Images of the great unknown have always fascinated scientists and artists, and pretty much everyone else. This week NASA managed to land the largest and most advanced rover ever on Mars with the aim of analysing the geological make up and beaming back pictures of the planet’s surface to assess whether there ever was life on Mars. Curiosity, as it has been named, weighs a ton and touched down on the Red Planet using elaborate landing system straight out of a science fiction novel (including a giant parachute and a floating ‘sky crane’).
This lithograph of the night sky by Vija Celmins comes from 1975, the same year as the first joint (USSR/USA) space mission, and was made from a painstaking pencil drawing. Since the 1970s, Celmins has been making meticulous images of stars or the surface texture of the sea and desert. Without a horizon line to interrupt the pattern, her reduced colour palette of greys conjures up black and white photography, oddly similar to those images Curiosity has already sent back of the surface of the Gale Crater on Mars.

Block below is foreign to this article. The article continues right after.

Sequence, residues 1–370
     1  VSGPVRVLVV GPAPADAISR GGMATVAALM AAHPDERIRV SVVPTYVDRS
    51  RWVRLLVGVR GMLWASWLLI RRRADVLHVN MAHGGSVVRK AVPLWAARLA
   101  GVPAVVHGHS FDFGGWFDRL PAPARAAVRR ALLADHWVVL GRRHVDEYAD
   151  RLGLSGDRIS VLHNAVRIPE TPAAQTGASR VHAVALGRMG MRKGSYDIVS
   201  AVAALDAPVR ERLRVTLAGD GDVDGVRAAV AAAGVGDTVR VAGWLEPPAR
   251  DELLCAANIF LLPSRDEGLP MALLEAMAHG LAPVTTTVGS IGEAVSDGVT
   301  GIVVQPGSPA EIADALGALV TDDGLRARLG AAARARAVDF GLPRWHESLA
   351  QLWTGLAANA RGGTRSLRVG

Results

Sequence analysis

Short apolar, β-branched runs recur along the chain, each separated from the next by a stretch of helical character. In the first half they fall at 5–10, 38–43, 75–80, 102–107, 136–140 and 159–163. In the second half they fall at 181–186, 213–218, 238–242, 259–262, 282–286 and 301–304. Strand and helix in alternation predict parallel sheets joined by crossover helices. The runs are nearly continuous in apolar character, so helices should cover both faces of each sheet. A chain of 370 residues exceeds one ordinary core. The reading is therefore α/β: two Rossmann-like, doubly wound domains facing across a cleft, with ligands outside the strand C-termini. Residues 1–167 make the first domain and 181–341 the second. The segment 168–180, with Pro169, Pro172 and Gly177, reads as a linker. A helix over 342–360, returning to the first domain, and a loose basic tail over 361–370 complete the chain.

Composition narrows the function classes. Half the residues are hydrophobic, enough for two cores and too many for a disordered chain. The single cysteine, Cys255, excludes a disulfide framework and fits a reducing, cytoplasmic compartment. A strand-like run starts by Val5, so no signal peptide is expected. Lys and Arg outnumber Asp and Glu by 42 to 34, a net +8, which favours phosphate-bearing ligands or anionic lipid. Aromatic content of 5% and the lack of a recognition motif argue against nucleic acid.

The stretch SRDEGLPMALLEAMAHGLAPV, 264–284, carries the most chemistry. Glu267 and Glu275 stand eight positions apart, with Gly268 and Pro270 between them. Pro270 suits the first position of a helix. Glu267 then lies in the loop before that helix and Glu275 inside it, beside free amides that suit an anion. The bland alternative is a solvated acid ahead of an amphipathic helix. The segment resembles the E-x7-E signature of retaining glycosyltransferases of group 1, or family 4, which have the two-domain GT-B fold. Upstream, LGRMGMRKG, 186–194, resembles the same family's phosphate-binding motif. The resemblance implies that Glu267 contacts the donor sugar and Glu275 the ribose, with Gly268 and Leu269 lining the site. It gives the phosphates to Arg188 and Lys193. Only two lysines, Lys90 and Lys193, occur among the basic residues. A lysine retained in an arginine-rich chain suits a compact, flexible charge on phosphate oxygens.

For Celmins though, it’s not the exploration of space that fascinates, it’s exploration of a material:
I see drawing as thinking, evidence of getting from one place to another. One draws to define one thing from another … I tend to take very small increments and steps in changing. An example was that I had been working with the pencil and I began to see that the graphite itself had a certain life to it. So I did a series of images of oceans and deserts using different grades of graphite and pushing each one to its limit. I learned a lot about the possibilities of expressiveness in graphite by doing this. Then I moved into the galaxy drawings. Even though you may think they came from lying under the stars, for me, they came out of loving the blackness of the pencil. It’s almost as if I was exploring the blackness of the pencil along with the image that went with it.
You can see work by Vija Celmins on display alongside her selection of JMW Turner works at Tate Britain.